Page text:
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In my substantive research, I often use dichotomous scoring (1 correct, 0 wrong) for my tests (tests with $15~yes/no$ items). My goal is often to compare the the proportion of correct answers to all items across two groups (e.g., $n1 = n2 = 25$).

Each test-taker's sum of $15$ item scores, will be binomially distributed. But we want to compare $25$ such test-takers from group1 to $25$ other independent test-takers in group2.

What is a reasonable plan to do such a comparison (preferably via Bayesian estimation)?

Note: I believe such a data may be 'overdispersed' due to the fact that $p$ (probability of success) may not be common within each group.

Here is my data comprised of sum of $15$ $yes/no$ item scores for each person in the R code:

group1 = c(7, 11, 10, 9, 7, 11, 7, 7, 9, 9,12,11,11, 9,10, 8,10, 9, 5,10, 8, 7,11, 9, 12)

group2 = c(6, 7, 3, 7, 10, 7, 7, 8, 7, 6, 9, 8, 9, 5, 9, 7, 9, 8, 9, 8, 8,  9, 4, 7, 9)
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  • $\begingroup$ Item Response Theory was specifically developed for these kinds of problems. Why not fit a Rasch model to individual student performance, and then examining differential item functioning by group? $\endgroup$ – AdamO Feb 9 '18 at 21:19
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If you analyse the data using an ordinary generalised linear model this is what you get:

> y <- c(group1, group2) 
> group <- factor(rep(1:2, each=25))
> summary(glm(cbind(y, 15 - y) ~ group, binomial))

Call:
glm(formula = cbind(y, 15 - y) ~ group, family = binomial)

Deviance Residuals: 
     Min        1Q    Median        3Q       Max  
-2.37472  -0.51306  -0.08459   0.80810   1.57631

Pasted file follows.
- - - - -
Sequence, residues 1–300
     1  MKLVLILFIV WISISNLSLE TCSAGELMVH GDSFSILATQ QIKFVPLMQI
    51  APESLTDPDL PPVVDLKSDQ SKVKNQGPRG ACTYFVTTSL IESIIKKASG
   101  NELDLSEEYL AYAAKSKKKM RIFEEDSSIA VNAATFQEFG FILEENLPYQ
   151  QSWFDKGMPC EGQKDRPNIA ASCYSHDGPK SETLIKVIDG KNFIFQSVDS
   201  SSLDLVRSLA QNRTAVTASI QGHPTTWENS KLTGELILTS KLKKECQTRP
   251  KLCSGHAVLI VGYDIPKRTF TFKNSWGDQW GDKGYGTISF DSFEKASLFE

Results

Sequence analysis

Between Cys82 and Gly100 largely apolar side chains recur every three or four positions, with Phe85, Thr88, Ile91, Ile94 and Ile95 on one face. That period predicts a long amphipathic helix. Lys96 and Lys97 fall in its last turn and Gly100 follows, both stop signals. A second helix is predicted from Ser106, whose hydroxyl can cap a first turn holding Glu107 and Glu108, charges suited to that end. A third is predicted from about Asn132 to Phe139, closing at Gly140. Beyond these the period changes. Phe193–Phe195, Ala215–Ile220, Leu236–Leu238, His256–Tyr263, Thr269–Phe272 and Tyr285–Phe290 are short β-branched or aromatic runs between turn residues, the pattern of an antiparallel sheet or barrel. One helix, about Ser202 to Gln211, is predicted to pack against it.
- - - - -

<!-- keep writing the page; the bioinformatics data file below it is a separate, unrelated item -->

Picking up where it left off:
Coefficients:
            Estimate Std. Error z value Pr(>|z|)    
(Intercept)   0.4501     0.1059   4.250 2.14e-05 ***
group2       -0.4661     0.1479  -3.151  0.00163 ** 
---
Signif. codes:  0 ‘***’ 0.001 ‘**’ 0.01 ‘*’ 0.05 ‘.’ 0.1 ‘ ’ 1

(Dispersion parameter for binomial family taken to be 1)

    Null deviance: 51.401  on 49  degrees of freedom
Residual deviance: 41.403  on 48  degrees of freedom
AIC: 200.93

Number of Fisher Scoring iterations: 3

As you can see, the deviance of 41.4 is smaller than it's expected value of 48 under $H_0$, so if anything, this indicates a slight tendency for these data to be underdispersed.

Such underdispersion would be expected if there is little heterogeneity between test takers within each group (say, no heterogeneity for the sake of the following argument) but heterogeneity instead between questions. The variance of the score would then be $$ \operatorname{Var}(\sum_{j=1}^{15} I_j)=\sum_{j=1}^{15}p_j(1-p_j) \le 15\bar p(1-\bar p), $$ where $\bar p=\frac1{15}\sum_{j=1}^{15}p_j$ (the average probability of correct answer across all questions), that is, smaller than expected based on the binomial model. This assumes that all test takes are given the same set of questions.

Also note the significant group difference.

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    $\begingroup$ glm( ,family="quasibinomial") is one option. $\endgroup$ – Jarle Tufto Jan 18 '18 at 17:33
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    $\begingroup$ The question effect generating underdispersion may cancel an effect of heterogeneity between test takers generating overdispersion. To disentangle this you would need to analyse the data at the level of the binary response of each participant to each question. You could then include both group and question as well as testtaker as fixed or random effect (maybe using R packages glmmTMB or lmer). $\endgroup$ – Jarle Tufto Jan 18 '18 at 17:40
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    $\begingroup$ Almost, but with underdispersion the standard errors and p-values will be smaller. $\endgroup$ – Jarle Tufto Jan 18 '18 at 18:28
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    $\begingroup$ See stats.stackexchange.com/a/67769/77222 $\endgroup$ – Jarle Tufto Jan 18 '18 at 20:51
  • $\begingroup$ Dear Jarle, a quick question. In your above solution, what would change if group1 and group2 were not independent (were correlated)? $\endgroup$ – rnorouzian Feb 16 at 5:56

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